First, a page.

According to Trip Gabriel* ?in today's New York Times, the one-time third leg of the weekly news magazine industry (after Time and Newsweek) plans to take on schools of education ? with underwriting support from the likes of the Carnegie Corporation and the Eli and Edythe Broad Foundation.?

Already under fire from just about every quarter, the nation's teacher training schools are not happy about U.S. News piling on.

Sharon Robinson, president of the American Association of Colleges for Teacher Education, told the Times that ?We have serious skepticism that their methodology will produce enough evidence to support the inferences they will make? and advised her Association's 800 member schools not to cooperate.?

Kate Walsh, head of the National Council on Teacher Quality, on whose board Checker Finn sits, calls the methodology complaint a red-herring. ?What they want us to do is hold off until a perfect assessment is in place,? she tells the Times.

The accountability movement marches on. And I hope kids are paying attention to the grading protests from their teachers' teachers.?

?--Peter Meyer, Bernard Lee Schwartz Policy Fellow

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*Not Sam...

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Ohio Education Gadfly Biweekly

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Nobody deserves tenure, with the possible exception of federal judges. University professors don't deserve tenure; civil servants don't deserve tenure; police and firefighters don't deserve tenure; school teachers don't deserve tenure. With the solitary exception noted above?and you might be able to talk me out of that one, too?nobody has a right to lifetime employment unrelated either to their on-the-job performance or to their employer's continuing need for the skills and attributes of that particular person.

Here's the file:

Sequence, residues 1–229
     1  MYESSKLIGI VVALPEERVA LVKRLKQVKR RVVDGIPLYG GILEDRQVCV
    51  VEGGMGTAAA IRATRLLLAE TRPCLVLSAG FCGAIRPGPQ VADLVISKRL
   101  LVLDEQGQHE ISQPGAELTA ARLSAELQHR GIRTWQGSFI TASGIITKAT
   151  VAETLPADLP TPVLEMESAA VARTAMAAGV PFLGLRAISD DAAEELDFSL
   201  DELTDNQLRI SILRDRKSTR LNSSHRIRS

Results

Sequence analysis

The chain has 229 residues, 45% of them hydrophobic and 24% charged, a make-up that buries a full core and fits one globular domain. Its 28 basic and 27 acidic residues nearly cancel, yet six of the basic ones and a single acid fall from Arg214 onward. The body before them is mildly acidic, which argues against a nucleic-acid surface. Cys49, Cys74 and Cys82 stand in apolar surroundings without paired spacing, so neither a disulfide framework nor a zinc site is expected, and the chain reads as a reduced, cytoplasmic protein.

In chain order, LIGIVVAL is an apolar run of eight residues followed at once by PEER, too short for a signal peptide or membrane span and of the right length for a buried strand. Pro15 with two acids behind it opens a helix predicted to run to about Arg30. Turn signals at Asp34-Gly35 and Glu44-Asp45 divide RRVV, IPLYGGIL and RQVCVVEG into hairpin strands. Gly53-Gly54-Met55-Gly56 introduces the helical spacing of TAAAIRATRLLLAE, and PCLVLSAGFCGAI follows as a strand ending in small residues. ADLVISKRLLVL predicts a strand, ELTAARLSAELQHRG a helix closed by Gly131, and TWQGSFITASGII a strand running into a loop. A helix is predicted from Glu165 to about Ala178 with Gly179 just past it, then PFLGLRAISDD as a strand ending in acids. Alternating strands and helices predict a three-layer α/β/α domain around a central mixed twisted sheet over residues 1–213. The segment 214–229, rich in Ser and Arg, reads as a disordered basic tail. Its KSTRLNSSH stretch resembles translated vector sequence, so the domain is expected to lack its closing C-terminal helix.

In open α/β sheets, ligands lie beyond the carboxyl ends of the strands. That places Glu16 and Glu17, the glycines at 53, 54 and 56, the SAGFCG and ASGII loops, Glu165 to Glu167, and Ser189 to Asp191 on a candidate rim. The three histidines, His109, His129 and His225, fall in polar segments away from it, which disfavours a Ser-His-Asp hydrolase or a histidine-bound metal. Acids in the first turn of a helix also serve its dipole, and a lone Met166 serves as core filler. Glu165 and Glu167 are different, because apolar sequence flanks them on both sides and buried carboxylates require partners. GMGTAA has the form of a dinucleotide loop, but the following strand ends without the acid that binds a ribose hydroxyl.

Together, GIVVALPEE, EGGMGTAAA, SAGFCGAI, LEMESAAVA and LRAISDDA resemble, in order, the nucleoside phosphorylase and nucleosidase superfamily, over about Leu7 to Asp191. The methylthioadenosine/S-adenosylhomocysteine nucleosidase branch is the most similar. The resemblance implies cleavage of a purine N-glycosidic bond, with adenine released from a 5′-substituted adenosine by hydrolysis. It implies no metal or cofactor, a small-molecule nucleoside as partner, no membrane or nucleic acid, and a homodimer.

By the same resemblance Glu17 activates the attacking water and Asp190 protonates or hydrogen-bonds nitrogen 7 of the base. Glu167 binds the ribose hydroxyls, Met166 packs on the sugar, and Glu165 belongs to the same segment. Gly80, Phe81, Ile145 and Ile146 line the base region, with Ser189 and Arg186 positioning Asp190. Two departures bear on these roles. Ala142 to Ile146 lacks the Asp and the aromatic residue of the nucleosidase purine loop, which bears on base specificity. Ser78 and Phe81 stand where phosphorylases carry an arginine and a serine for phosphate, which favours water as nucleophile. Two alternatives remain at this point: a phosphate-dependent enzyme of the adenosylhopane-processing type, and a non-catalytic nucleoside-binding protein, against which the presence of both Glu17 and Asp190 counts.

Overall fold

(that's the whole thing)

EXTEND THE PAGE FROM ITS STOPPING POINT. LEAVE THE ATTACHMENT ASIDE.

Tenure didn't come down from Mt. Sinai or over on the Mayflower. Though people occasionally refer to its origins in medieval universities, on these shores, at least, it's a twentieth-century creation. The American Association of University Professors (AAUP) began pushing for it around 1915, but tenuring professors didn't become the norm on U.S. campuses until after World War II (when the presumption of a 7-year decision timeframe also gained traction) and it wasn't truly formalized until the 1970's when a couple of Supreme Court decisions made formalization unavoidable.[pullquote]Tenure didn't come down from Mt. Sinai or over on the Mayflower.[/pullquote]

In some states, public-school teachers began to gain forms of job protection that resembled tenure as early as the 1920s, but these largely went into abeyance during the Great Depression and were not formally reinstated until states?pressed hard by teacher unions?enacted ?tenure laws? between World War II and about 1980.

The original rationale for tenure at the university-level, articulately set forth by the AAUP, was to safeguard academic freedom by ensuring that...

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Ohio Education Gadfly Biweekly

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Liam Julian

Man the battle stations. The Miami Herald reports that ?the chairman of the [state] Senate's education policy committee filed a measure this week that would partially base teacher salary increases on student test scores.? The bill would not effect current teacher pay plans but would create merit-based contracts for educators hired after 2014, who ?would only see raises if they are deemed highly effective or effective? (deemed thus, that is, by a not-yet-created system of evaluation). The Herald notes that ?how the bill will be received by teachers, particularly the teachers' union, is yet to be seen.? But one can guess.

?Liam Julian, Bernard Lee Schwartz Policy Fellow

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Now it's an AP report, via the Wall Street Journal, telling us that Mayor Bloomberg will have to lay off lots of teachers ?unless teacher seniority rules are changed.?

According to the AP, which said it heard the Mayor say this at a meeting at the Christian Cultural Center in Brooklyn,? ?the city could have to lay off nearly every teacher hired in the last five years? because of the proposed ?deep cuts? in state aid to education by the new governor.

In fact, it makes sense, as Bloomberg obviously knows. The more senior teachers cost more than new hires, so any seniority-based layoffs means eliminating the lower-paid teachers first, thus cutting more teachers, increasing class size. ?Bloomberg is pushing the obvious: ?the system can keep more teachers in these hard times if doesn't have to keep the most expensive ones.

Let the negotiations begin.

?Peter Meyer, Bernard Lee Schwartz Policy Fellow

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*See here